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Age-Dependency in Cardiac Progenitor Cell Therapy



Review of “Age-Dependent Effect of Pediatric Cardiac Progenitor Cells after Juvenile Heart Failure” from Stem Cells Translational Medicine by Stuart P. Atkinson

Age represents a key a parameter affecting the therapeutic value of stem/progenitor cells and how patients react to said therapeutics. However, the majority of studies, including those looking into cardiac progenitor cell therapy for heart failure, represent data relating to adults [1, 2].

In order to correct this knowledge gap, the laboratory of Michael E. Davis (Emory University, Atlanta, USA) has been studying the effect of human cardiac progenitor cells (CPC) taken from patients ranging from 0 to 5 years in a rat model of juvenile heart failure. In their new Stem Cells Translational Medicine study, the authors demonstrate that the therapeutic potential of hCPCs is age-dependent, with neonatal CPC treatment exhibiting the best results [3]. 

The researchers collected hCPCs from three age groups (neonate [0 days to 1 month], infant [1 month to 1 year], and child [1 to 5 years]) for injection into the ventricle musculature of an adolescent rat model of heart failure. While the age of the cells did not affect the retention of cells in the heart, which remained stable at around 20% at day 21 after injection, the authors observed a direct correlation between hCPC age and cardiac function and remodeling at 28 days.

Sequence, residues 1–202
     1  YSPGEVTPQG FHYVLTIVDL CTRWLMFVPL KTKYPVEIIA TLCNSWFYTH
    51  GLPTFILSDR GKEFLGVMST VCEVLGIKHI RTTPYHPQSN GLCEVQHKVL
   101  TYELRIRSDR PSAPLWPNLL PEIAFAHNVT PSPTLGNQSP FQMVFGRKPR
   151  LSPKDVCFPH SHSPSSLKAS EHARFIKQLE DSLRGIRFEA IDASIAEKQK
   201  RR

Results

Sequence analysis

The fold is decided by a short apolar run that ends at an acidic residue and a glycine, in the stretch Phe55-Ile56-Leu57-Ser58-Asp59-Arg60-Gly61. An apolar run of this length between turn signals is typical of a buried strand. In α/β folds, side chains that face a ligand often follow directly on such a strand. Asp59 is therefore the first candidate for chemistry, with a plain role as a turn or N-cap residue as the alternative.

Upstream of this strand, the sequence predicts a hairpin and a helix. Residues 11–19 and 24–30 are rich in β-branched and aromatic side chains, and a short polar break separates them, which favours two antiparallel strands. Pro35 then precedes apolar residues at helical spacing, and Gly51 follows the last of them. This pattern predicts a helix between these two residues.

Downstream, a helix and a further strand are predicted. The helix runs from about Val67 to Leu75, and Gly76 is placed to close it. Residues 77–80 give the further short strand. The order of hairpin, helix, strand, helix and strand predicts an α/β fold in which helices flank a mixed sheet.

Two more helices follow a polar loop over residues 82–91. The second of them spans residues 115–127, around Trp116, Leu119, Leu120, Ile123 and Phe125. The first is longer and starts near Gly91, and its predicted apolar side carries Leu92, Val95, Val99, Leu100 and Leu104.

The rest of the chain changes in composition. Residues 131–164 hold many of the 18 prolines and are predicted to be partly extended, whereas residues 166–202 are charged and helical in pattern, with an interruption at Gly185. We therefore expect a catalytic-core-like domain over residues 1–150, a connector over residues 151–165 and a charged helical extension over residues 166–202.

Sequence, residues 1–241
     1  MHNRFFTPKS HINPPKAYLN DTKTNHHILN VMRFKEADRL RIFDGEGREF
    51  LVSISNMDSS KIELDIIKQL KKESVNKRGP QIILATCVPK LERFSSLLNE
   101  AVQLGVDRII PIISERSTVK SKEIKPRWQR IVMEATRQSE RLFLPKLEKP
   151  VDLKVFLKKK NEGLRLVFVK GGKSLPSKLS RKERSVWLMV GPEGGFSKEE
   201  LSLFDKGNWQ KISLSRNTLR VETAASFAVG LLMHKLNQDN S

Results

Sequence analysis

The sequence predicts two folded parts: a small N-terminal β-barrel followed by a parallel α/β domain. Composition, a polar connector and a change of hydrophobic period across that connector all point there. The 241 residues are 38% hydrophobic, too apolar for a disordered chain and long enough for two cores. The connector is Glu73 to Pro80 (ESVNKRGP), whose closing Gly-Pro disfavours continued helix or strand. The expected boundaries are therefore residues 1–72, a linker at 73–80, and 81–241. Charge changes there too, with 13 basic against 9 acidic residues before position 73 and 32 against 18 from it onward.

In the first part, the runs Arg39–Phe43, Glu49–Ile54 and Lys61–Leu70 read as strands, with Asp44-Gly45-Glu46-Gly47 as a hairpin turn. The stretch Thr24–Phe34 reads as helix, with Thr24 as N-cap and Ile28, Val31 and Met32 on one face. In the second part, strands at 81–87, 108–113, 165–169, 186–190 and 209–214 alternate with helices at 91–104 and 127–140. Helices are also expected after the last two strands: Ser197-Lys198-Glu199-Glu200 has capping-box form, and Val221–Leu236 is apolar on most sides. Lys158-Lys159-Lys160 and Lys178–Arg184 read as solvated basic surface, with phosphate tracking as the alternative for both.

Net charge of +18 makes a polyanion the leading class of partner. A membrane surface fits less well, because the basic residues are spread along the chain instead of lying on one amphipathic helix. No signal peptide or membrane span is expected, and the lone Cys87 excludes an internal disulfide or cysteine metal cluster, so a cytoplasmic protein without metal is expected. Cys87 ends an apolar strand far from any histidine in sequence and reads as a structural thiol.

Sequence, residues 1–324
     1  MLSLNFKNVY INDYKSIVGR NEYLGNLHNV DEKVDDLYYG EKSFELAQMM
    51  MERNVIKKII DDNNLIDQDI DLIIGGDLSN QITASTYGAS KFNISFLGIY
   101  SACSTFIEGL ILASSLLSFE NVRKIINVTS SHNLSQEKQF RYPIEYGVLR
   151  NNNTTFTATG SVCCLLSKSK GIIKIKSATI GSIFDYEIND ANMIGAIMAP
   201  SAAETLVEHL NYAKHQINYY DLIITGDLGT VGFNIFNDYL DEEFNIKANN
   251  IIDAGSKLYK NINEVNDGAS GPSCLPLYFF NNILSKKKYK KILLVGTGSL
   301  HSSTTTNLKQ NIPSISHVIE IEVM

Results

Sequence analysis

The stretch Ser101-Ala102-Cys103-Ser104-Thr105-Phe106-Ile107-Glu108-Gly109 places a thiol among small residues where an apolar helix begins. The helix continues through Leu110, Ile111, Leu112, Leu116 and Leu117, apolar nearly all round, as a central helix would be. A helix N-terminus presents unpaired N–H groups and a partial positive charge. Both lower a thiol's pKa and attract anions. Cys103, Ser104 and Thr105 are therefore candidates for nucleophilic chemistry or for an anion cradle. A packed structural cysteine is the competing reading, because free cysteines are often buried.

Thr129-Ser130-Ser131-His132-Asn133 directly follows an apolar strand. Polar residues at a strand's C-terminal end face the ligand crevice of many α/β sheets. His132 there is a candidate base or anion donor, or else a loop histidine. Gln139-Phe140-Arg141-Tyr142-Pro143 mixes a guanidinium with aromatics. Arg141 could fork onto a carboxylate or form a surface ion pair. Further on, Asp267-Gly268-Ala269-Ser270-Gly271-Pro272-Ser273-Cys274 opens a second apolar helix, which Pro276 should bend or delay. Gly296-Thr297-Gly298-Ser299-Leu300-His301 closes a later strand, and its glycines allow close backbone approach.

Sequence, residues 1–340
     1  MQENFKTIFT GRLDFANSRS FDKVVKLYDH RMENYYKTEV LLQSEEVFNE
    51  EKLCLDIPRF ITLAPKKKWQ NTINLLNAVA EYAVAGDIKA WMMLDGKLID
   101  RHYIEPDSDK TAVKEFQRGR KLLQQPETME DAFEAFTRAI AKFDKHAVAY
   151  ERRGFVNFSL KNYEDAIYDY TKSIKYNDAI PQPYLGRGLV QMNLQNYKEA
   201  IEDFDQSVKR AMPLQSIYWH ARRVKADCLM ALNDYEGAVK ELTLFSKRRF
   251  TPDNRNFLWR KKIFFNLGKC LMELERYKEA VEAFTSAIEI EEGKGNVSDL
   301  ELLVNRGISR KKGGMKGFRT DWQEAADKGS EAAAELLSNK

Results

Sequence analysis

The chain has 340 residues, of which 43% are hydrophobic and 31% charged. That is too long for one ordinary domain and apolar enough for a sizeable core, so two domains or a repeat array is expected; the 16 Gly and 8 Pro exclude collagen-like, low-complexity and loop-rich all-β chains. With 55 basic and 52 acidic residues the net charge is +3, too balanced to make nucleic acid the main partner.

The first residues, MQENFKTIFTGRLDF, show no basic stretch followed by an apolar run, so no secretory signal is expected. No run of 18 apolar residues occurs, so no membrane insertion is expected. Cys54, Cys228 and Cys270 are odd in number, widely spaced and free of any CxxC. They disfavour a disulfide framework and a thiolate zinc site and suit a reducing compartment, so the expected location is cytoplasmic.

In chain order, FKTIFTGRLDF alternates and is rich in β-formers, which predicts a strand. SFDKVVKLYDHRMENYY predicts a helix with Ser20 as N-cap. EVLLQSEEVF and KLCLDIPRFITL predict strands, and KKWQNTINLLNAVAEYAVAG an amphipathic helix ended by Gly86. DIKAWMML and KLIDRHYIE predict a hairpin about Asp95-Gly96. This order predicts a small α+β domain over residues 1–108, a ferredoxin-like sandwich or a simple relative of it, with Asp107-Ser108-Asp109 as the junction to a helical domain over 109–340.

Specifically, the neonate hCPCs performed better than the infant or child hCPCs, likely due to increased chemotactic and proliferative capabilities and the increased recruitment of stem cell antigen 1-positive cells (See Figure), surmised to represent various progenitor cell types. Gene array data also highlighted a neonate-specific upregulation in the expression of genes associated with cell-cycle regulation, development, angiogenesis, anti-inflammatory response, regeneration, and anti-apoptosis.

This study suggests that the regenerative/reparative potential of human cardiac progenitor cell therapy is age dependent, with the youngest cells having the highest potential. Further examination of these cells may highlight which proteins and pathways mediate heightened therapeutic potential and reveal potentially druggable targets. Therefore, future studies may also lead to improved transplant outcomes when using older hCPCs or the creation of cell-free treatment strategies for heart failure.


  1. Bolli R, Chugh AR, D'Amario D, et al. Cardiac stem cells in patients with ischaemic cardiomyopathy (SCIPIO): initial results of a randomised phase 1 trial. Lancet 2011;378:1847-1857.
  2. Makkar RR, Smith RR, Cheng K, et al. Intracoronary cardiosphere-derived cells for heart regeneration after myocardial infarction (CADUCEUS): a prospective, randomised phase 1 trial. Lancet 2012;379:895-904.
  3. Agarwal U, Smith AW, French KM, et al. Age-Dependent Effect of Pediatric Cardiac Progenitor Cells After Juvenile Heart Failure. Stem Cells Transl Med 2016;5:883-892.